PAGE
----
A Little Princess an ‘old story that resonates’

The cast of A Little Princess rehearses. - Contributed photo
The cast of A Little Princess rehearses.
— image credit: Contributed photo

Surrey Youth Theatre Company's production of A Little Princess brings the popular children's classic to life this weekend at Surrey Arts Centre; with performances at 7:30 p.m. this Friday (March 2) and Saturday (March 3), with a 2:30 p.m. matinee this Sunday (March 4).

Directed by SYTCO founder and artistic director Susan Pendleton, it's a true period piece –  Frances Hodgson Burnett (renowned author of Little Lord Fauntleroy and The Secret Garden) wrote a first version of the story in 1887, but last revised it some 18 years later, at the dawn of the Edwardian era.

It tells the story of an intelligent, polite and innately creative young girl, Sara Crewe, daughter of a soldier, who grew up in the exotic environs of India.

Brought to London for a formal education after the death of her mother, Sara is placed at an exclusive girls' boarding school run by the haughty, forbidding headmistress, Miss Minchin.

Minchin resents Sara's imaginative flights of fancy – which threaten to disrupt the iron discipline with which she runs her school – but is prepared to tolerate her all the while Sara's father supplies the necessary fees.

But when Sara's father is reported dead as a bankrupt, Sara feels the full force of Minchin's wrath – being allowed to stay on at the school only as a servant.

With strength of spirit – and the help of friends both known and unknown – Sara manages to win through in the end in a tale that is both touching and inspiring.

It's an old story, but one that's still has resonance with kids today according to SYTCO newcomer Julia Albert, who plays the lead role of Sara.

"I think it's relevant to the present day," said the Grade 6 Laronde Elementary student.

"There are still teachers who can be very strict and adults that don't care about your feelings."

Sara's ability to survive through the use of her imagination and games of pretend is one of the character traits she most enjoys, Albert said.

"I like how kind she is to the others," Albert said. "She's so brave, and how she gets through tough times teaches them to be brave, too."

Albert, who also sings with the White Rock Children's Choir (she travelled with them to Europe last year) says she has discovered a real love for acting – even in emotional scenes in which Sara grieves for her father.

"I like singing and performing generally," she said. "But I really like songs where you have to get into character to perform them."

Nic Pusic, who is in Grade 6 at Jessie Lee Elementary, is also a newcomer to SYTCO.

And he's enjoying the challenge of playing Mr. Carrisford, a friend of Captain Crewe, who spends two years searching for Crewe's lost daughter.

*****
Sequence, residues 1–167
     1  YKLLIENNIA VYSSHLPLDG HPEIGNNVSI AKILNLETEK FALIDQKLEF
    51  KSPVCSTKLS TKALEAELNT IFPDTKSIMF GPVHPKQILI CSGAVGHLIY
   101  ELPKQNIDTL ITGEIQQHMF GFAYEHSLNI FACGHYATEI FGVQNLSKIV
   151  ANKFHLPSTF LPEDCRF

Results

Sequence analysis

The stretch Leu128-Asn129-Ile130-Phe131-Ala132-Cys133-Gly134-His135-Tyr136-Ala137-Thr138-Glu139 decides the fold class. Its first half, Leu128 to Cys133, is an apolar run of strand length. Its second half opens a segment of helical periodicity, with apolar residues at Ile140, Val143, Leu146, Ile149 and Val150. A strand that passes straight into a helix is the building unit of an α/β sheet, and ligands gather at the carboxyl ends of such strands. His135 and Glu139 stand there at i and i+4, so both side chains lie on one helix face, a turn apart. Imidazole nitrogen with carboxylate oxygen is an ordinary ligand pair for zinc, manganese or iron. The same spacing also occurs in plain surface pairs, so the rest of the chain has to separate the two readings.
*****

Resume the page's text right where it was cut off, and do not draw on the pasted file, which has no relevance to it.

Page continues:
"I think he's supposed to be around 70 or 80 in the story but I'm thinking of him as around 50," he said.

"He's a very nice and caring gentleman – I like the role because I've never really acted sad before in any school plays. I'm used to doing fun and happy stuff.

"It's a good experience – I enjoy how it helps you learn how to act scenes and how to take auditions."

Cassandra Strain, last seen for SYTCO in A Year With Frog and Toad (she was the latter) is relishing a change of pace with the gift role of Miss Minchin, which she is investing with an icy, precise manner, quite unlike the "goofy" Toad.

"She's so sure of everything," she said. "She's very collected.

"I think she's a really good fit for me. I think mean characters are more enjoyable to act out – they're more fun."

Not that Minchin is simply a one-dimensonal villain, she noted.

"I made up a back story for her – I think maybe she was abused as a child, and she wants people to know that she has the power now."

The Grade 8 Elgin Park student said she's also been enjoying researching the late Edwardian period of the current SYTCO production.

"This may seem a bit girly, but I like the style of the clothing. I adore that time period – everything about it, the way the new cars were coming into everyday life. Sometimes I wish I could live in that era."

Shubhi Singh, a Grade 10 student at Princess Margaret Secondary, plays the role of Minchin's warm-hearted but timid sister, Amelia.

It's her first year at SYTCO, but not her first acting experience – when she was in India for a five year period she attended the National School of Drama.

"Amelia is a comical character, a rather hysterical woman. She is kind of pathetic – she really likes Sara, but she doesn't want to stand up to her sister.

Inevitably the worm turns, however.

"Everything's building up to it bit by bit, but eventually she realizes it's time she gave Miss Minchin a piece of her mind."

Singh says she's really enjoying her first SYTCO experience.

"It's a really warm environment, and I've learned so much from people even younger than me – it's wonderful," she said.

Tickets ($16.75) are available from 604-501-5566 or at tickets.surrey.ca


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